At Sunday, 06 September, 2009, Blogger fermicat said...

Oh, and as for the holiday weekend, we went to the Tech game on Saturday (and then went out to watch other games at the sports bar Saturday evening). Today we hiked a 6 mile loop trail at the south end of Kennesaw National Battlefield Park, and tomorrow we plan on goofing off around the house.

Hope your holiday weekend is going well.

 
At Monday, 07 September, 2009, Blogger Kathleen said...

Dr S - I understand your disdain for KR, but I have to say that he's very supportive of Detroit, in general. He donated money to support a local Labor Day weekend art/music festival since the Big Three aren't in the position to do so. So, he's not all bad.

Dr. J - The cattiness is what I saw in the previews and it just didn't appeal. I finally bought your beads (had to have a minimum order of $25.00), so we're that much closer to it getting done.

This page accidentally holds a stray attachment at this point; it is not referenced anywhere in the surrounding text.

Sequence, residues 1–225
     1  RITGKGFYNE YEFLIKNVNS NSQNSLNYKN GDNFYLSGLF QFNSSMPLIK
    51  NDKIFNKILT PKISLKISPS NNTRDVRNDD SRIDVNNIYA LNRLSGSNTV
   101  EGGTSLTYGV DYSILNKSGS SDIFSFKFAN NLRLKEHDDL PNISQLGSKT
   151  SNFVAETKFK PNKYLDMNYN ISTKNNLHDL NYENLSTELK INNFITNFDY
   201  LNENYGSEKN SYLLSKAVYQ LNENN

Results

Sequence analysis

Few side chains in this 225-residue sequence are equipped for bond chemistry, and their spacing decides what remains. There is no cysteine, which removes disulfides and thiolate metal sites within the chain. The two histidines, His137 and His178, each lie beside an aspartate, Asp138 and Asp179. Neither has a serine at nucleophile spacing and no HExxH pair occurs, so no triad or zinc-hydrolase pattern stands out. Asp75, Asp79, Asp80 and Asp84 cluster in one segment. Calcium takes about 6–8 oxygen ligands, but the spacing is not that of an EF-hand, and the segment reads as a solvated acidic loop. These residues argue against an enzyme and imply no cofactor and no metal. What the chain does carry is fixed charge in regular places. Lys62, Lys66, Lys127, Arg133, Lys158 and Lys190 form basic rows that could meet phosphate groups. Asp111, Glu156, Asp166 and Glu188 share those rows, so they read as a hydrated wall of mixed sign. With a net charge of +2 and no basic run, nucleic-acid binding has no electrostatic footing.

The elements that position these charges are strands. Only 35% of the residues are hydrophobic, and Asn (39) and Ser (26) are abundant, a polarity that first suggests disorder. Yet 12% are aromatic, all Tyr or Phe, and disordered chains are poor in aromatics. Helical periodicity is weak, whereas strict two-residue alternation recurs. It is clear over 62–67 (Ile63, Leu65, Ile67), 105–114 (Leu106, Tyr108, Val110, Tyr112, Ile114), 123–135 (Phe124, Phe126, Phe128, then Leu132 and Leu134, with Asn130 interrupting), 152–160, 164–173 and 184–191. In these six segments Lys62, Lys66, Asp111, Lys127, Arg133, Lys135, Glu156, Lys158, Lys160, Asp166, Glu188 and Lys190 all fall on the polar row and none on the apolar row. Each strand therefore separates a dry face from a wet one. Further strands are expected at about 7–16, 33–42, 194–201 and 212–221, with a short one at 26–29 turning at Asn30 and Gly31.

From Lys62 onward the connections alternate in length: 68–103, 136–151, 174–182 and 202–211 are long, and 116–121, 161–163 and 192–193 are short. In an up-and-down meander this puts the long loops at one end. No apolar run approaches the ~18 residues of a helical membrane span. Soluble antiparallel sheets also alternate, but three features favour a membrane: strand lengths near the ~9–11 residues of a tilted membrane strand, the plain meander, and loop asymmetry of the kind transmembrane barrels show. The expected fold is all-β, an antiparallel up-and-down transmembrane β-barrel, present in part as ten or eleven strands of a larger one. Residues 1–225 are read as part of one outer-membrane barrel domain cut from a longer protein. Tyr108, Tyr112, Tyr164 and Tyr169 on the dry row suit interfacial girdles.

At Monday, 07 September, 2009, Blogger Kathleen said...

Fermi - Very interesting relationship you have with Neil Gaiman. I think I'll just stick with reading his stuff and not worrying about the movies. Did Tech win? I took my sister's dogs for a walk last night, so that was the extent of my "hiking."

 
At Monday, 07 September, 2009, Blogger fermicat said...

Tech won and Georgia lost, so it was a good football weekend for me. We were a little lackluster in the second half. I hope they will be psyched up for this Thursday's showdown with Clemson - a game which has been close in recent years. I can understand the lack of intensity. The crowd wasn't very energetic either. Hard to get jazzed up about beating a FCS opponent. And we kept the playbook very vanilla.